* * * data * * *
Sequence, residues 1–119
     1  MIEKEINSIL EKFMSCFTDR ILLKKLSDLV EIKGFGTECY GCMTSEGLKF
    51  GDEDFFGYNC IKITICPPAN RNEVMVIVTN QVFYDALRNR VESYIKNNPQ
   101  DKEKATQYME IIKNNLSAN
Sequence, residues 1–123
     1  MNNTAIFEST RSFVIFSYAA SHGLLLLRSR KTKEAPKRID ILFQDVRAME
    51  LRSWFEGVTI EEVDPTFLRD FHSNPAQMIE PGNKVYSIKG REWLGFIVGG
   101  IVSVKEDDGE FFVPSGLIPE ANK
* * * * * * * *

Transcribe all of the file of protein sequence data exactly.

Sequence, residues 1–119
     1  MIEKEINSIL EKFMSCFTDR ILLKKLSDLV EIKGFGTECY GCMTSEGLKF
    51  GDEDFFGYNC IKITICPPAN RNEVMVIVTN QVFYDALRNR VESYIKNNPQ
   101  DKEKATQYME IIKNNLSAN
Sequence, residues 1–123
     1  MNNTAIFEST RSFVIFSYAA SHGLLLLRSR KTKEAPKRID ILFQDVRAME
    51  LRSWFEGVTI EEVDPTFLRD FHSNPAQMIE PGNKVYSIKG REWLGFIVGG
   101  IVSVKEDDGE FFVPSGLIPE ANK